ESY, or Extended School Year, has been a mainstay of The Boy’s summer experience since he was six years old. I have written about some of his experiences in the past, and he always looked forward to it when we lived up north. Last year, he struggled with adapting to a summer day camp which did not include computers, and was not like school very much at all, although he ended up enjoying the experience and meeting some new (and long-lasting) friends.
Before we moved here, I asked some parents with whom I had connected in advance, through the autism society’s local chapter whether or not they knew anything about the local ESY program. They had no idea what I was talking about…
“Uh-oh”, I thought.
When we went through the IEP process this year, the assistant director for special education for the school district was involved (because I was trying to get The Boy into his current program, and being the warrior mom that I need to be to get things done from time to time), and she indicated then that ESY for this summer would be a long-shot. We would have to prove he needed it with data. “I’ve got six years of data backing me up,” I thought.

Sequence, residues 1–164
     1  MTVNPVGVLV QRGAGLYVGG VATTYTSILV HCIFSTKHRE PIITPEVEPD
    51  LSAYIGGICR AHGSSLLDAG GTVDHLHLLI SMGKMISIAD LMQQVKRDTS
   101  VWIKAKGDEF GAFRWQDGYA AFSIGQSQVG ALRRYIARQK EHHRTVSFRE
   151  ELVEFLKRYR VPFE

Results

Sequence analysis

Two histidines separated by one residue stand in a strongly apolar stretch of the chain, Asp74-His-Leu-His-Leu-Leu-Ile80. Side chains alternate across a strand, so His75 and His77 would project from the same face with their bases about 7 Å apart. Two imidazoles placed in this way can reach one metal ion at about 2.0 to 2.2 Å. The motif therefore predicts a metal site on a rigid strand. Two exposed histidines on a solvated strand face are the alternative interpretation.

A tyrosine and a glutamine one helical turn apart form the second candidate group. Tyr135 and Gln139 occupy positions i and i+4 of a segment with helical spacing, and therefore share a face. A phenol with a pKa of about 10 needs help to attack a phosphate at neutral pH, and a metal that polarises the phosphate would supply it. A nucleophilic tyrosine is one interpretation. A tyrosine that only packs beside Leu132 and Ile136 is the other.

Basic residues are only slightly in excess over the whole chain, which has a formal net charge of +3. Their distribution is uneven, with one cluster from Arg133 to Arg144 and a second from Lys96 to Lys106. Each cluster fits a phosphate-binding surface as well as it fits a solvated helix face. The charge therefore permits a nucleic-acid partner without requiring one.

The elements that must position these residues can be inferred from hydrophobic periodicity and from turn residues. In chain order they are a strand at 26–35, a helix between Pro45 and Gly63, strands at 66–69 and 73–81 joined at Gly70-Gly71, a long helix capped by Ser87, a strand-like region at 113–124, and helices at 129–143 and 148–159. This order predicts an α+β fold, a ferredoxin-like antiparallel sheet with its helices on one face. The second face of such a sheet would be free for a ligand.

And this year’s IEP rolled around and his special ed teacher for language arts and math basically explained that even if he did qualify, which she clearly didn’t believe he did, it was very different from what we had experienced up north. Down here, it was basically one-on-one tutoring with an aide for a few hours a week.
“Oh crap,” I thought.
I immediately began to devise activities with which I could supplement his summer camp – was there a computer camp or cartooning lessons I could find somewhere (and could I even afford it)?
The Boy’s program teacher called about two weeks later to let me know that they had determined that The Boy would qualify for ESY this year, because he had had it for so many years, and that they would continue to collect data next school year to determine whether or not he would qualify for the following year.
“Yay… kind of,” I thought.
Now we need to determine where this “ESY” experience will occur, and how often and for how long. Luckily he will have his program teacher, which helps with the continuity. But it remains to be seen how effective this brand of summer enrichment will be toward maintaining the structure and routine that most kids on the spectrum need through the summer months.